The flexural strength at 1 day and 1 week of the aforementioned samples was evaluated by three-point bending test using universal testing machine (Instron 3366, United Kingdom). The equipment consisted of a loading wedge and a pair of adjustable supporting wedges placed 50 mm apart. The specimens were centered on the device in such a way that the loading wedge, set to travel at a crosshead speed of 2 mm/min, engaged the center of the upper surface of the specimens. Specimens were loaded until fracture occurred, and the maximum load applied during the load was automatically recorded and used for the measurement of flexural strength [Figure 2] and [Figure 3].
Figure 2: Samples under three bending test (INSTRON 3366) to evaluate flexural strength

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Figure 3: Fractured samples after testing

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Preparation of culture media

Hot sterilized brain–heart infusion (BHI) agar media (Himedia, Mumbai, India) was allowed to cool to 55°C and poured into the sterilized petri dishes under aseptic condition. The media were allowed to solidify, and the plates were left overnight at room temperature.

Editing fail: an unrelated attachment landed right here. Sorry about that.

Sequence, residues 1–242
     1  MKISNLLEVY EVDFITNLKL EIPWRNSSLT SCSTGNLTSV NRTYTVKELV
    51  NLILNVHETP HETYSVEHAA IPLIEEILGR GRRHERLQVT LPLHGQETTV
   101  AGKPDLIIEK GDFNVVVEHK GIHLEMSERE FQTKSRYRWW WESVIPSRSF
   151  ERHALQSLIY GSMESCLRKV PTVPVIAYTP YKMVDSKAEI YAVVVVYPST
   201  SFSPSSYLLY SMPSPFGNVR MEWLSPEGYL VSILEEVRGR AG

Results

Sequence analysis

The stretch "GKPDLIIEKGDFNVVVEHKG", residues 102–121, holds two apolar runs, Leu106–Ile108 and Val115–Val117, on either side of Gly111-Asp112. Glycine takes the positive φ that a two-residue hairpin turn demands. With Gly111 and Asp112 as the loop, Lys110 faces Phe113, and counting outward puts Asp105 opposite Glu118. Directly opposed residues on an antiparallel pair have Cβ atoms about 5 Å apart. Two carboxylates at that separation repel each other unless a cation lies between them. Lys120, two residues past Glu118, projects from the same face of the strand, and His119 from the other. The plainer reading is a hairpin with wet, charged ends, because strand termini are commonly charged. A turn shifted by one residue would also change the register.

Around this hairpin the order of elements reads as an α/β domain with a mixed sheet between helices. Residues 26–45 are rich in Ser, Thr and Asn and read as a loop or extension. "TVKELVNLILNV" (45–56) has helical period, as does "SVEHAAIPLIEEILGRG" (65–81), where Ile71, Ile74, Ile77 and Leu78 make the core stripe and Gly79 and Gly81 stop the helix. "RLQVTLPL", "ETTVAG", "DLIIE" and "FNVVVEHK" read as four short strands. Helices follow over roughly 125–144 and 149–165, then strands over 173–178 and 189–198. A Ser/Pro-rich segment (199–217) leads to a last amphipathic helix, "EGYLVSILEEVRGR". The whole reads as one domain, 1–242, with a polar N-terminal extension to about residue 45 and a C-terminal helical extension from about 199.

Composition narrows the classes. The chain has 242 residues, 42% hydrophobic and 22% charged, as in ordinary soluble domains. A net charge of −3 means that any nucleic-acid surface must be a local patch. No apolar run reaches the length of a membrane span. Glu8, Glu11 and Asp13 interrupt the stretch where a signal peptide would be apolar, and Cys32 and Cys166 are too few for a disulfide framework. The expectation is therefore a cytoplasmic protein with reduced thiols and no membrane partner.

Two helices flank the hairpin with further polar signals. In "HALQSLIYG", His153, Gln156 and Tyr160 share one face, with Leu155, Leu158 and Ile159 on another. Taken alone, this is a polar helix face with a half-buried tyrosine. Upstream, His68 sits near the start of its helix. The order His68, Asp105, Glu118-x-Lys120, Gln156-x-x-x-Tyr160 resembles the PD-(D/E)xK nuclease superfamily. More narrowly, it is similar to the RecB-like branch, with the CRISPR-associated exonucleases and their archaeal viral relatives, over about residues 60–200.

Sample preparation for Staphylococcus aureus adhesion

Wax patterns were fabricated with dimensions of 5 mm × 5 mm × 3 mm in a silicon mold. Prepared wax patterns were invested and dewaxed to make a plaster mold in a dental flask for sample preparation. Manipulation of the modified acrylic resin and processing was done in the same manner as for flexural strength. Prepared samples were finished and polished [Figure 4] in a conventional manner (n = 5). All the samples were sterilized with chlorhexidine 2%[15],[26] and washed with sterilized broth to remove chlorhexidine residues.